When Lawson walked into the Boys & Girls Club after school one day in 2009, he wasn’t expecting to study business. He really wasn’t interested in business. He was, however, interested in what he could do to become successful in the music industry, so he listened when a UNLF representative talked about a two-week camp for kids with talents in sports or entertainment.
Lawson, 18, is a rapper and songwriter. “From being at Camp New Look,” he says, “I got a business understanding of the career I’m trying to pursue, which is very important. So I know the ins and outs of the industry I want to get involved in instead of just being some no-brain entertainer.”
Along with business classes, Lawson learned personal development lessons, honed his musical abilities and discovered he could put that talent to use to help others. While at camp, Lawson recorded a song to raise awareness for the Nothing But Nets campaign against malaria in South Africa.
“There’s nothing like getting behind something, especially in the beginning, and seeing it come to fruition, and then seeing the expressions on the people’s faces who you’re helping,” he says. Since leaving camp, Lawson has worked on other service projects, including a skate-off to raise awareness of childhood obesity. “I’m thankful to New Look for opening my eyes to something that they were closed to. I want to be more involved in my neighborhood. I want my community to look at me like a leader.”
Usher is passionate about inspiring students to lead, just as he was inspired at such an early age. “Young people are equipped to understand leadership,” he says. “Everybody is not going to be a leader, but at least we’ll motivate somebody. You never know who you’re motivating. You could be motivating tomorrow’s Barack Obama or the future’s Oprah Winfrey.”
Sebastian Van Oudenallen was already volunteering in his community, tutoring elementary and middle-school students in Milwaukee, Wis., when he heard about UNLF’s Powered by Service grants for student-led service projects. A 17-year-old high-school student, Oudenallen knew exactly what he’d do with that money.
“Most of the students that I tutor are Hispanic and underserved. The kids themselves are very bright, but at the same time it didn’t seem like they had the vision or the tools to become successful,” he says, echoing Usher’s vision for the foundation. “I wanted to do something for these kids.”
After receiving the grant, Oudenallen used his time over spring break to prepare a field trip to give the kids an understanding of the college experience, encourage their belief in themselves and make college a closer reality in their lives. He called the project “Over the Gap” for “the educational gap that’s dramatic, especially in Wisconsin, between white and minority students,” he says.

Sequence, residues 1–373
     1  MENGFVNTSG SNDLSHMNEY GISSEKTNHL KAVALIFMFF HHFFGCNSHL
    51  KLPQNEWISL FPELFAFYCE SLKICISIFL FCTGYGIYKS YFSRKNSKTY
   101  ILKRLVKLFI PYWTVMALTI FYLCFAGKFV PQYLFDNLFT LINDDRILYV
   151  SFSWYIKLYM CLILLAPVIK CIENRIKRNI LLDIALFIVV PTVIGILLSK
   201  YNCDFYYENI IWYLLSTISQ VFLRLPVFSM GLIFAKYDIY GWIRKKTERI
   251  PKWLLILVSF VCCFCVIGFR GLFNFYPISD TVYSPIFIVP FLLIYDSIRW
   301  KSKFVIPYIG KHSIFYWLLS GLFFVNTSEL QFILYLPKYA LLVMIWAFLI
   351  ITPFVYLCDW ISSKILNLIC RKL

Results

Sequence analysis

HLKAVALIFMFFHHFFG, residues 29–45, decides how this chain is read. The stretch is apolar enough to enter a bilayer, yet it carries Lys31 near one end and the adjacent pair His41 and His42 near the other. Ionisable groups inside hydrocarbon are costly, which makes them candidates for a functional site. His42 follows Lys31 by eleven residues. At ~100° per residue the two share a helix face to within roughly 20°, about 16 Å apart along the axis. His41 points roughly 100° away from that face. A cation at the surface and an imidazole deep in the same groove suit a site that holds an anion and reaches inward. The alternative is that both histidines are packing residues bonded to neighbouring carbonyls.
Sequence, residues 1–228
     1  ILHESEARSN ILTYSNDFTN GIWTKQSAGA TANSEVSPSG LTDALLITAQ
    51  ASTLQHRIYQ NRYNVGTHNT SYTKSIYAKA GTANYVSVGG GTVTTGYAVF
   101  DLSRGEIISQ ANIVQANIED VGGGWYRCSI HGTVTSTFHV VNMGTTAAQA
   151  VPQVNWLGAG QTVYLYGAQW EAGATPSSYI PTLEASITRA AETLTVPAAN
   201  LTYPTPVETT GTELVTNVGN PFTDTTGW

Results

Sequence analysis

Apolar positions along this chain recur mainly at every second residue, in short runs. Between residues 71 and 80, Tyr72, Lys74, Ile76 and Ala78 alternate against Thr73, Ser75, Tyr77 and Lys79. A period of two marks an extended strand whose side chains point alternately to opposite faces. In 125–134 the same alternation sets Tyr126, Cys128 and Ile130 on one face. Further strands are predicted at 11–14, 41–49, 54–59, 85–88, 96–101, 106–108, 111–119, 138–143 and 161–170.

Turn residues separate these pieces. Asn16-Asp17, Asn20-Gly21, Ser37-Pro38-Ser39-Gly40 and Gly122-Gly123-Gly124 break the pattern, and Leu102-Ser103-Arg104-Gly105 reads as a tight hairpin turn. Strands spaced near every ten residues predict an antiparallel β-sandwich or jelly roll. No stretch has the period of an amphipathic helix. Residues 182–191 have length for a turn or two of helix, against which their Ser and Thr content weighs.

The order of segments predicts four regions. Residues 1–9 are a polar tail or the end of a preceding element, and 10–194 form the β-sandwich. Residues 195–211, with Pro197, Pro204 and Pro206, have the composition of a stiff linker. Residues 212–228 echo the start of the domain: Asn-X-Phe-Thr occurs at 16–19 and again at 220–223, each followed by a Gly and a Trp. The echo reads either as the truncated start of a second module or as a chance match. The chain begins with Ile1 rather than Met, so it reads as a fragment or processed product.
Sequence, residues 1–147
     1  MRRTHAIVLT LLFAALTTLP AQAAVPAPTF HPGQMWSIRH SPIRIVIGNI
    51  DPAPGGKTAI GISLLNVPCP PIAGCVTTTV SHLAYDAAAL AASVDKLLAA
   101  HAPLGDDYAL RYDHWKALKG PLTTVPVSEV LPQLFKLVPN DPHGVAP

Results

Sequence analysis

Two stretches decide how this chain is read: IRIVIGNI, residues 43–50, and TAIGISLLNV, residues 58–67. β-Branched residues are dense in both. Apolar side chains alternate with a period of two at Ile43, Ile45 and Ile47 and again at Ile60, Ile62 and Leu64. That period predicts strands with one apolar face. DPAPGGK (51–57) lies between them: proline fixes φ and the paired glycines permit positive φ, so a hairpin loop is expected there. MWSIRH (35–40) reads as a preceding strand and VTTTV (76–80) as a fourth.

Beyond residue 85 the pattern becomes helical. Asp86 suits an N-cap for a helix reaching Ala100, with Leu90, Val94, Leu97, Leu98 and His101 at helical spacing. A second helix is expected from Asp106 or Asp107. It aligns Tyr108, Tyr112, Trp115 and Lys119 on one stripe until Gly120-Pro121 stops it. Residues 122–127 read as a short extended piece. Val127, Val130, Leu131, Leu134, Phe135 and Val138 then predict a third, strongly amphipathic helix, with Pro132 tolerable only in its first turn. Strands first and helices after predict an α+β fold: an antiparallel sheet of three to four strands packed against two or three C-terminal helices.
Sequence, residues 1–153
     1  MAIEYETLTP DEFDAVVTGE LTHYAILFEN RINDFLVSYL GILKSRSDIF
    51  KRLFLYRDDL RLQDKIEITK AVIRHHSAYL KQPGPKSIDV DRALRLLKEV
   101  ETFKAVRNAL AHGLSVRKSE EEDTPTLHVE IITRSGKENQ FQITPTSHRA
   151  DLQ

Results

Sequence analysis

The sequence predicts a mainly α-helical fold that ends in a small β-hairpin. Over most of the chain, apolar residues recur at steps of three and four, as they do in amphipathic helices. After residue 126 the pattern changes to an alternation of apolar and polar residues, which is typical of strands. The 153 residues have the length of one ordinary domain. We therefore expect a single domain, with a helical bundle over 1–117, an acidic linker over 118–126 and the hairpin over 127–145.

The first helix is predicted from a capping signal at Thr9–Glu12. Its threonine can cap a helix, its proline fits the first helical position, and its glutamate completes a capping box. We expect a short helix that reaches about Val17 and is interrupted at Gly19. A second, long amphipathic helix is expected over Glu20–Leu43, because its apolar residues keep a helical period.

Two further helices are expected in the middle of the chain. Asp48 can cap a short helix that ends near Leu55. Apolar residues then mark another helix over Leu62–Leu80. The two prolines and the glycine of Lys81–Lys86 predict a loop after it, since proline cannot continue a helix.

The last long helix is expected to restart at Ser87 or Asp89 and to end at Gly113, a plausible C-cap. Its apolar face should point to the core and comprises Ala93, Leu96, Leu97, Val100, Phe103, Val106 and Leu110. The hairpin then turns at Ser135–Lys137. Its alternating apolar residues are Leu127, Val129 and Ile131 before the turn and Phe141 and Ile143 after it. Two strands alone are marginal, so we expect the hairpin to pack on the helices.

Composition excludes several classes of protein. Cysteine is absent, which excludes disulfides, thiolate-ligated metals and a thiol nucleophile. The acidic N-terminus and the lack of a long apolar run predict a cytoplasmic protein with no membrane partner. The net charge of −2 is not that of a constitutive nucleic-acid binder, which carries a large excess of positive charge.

After a month and a half of planning, Oudenallen took 30 kids to the University of Wisconsin – Milwaukee for a campus tour that included a visit with a UWM soccer player. An architecture professor talked to the students about two Nobel Prize-winning Mexican architects, “emphasizing that students just like them could become world famous,” Oudenallen says.
Kids and parents received brochures, printed in Spanish and English, which provided financial aid tips, places to learn about college programs and success habits that families could implement at home.
“The seed planted will harvest to be great in time,” Usher says. “It’s the responsibility for us as adults to make sure our kids have the tools that they need to function in life.” He emphasizes to students the importance of positive daily habits and consistently seeking new opportunities. “You’ve got to ask questions; you have to be willing to open your mouth. A quiet baby doesn’t get fed. There is a ton of information, opportunity out here; you’ve got to go after it. It’s not going to come to you. Eventually, if you do the right things, then success will follow you. But you have to create a profile in life that speaks to the individual you will grow to be, not just the current situation you’re in.”
Lawson, who has met Usher more than once and admits to being “a little star struck,” says his experience with UNLF has taught him to be bold. “Don’t let your fear hold you back,” he says. “Don’t let the fact that you don’t think you’re good enough stop you from trying something.”
Oudenallen credits UNLF for helping him understand the importance of being “an architect,” pulling together a team to fulfill a vision. “Usher’s New Look really made me understand what it is to be a community leader, and that, as much as I felt like I pioneered the [Over the Gap] project, I couldn’t have done it without so many other people with skills they could contribute to make the experience even more enriching.”
From Brand to Business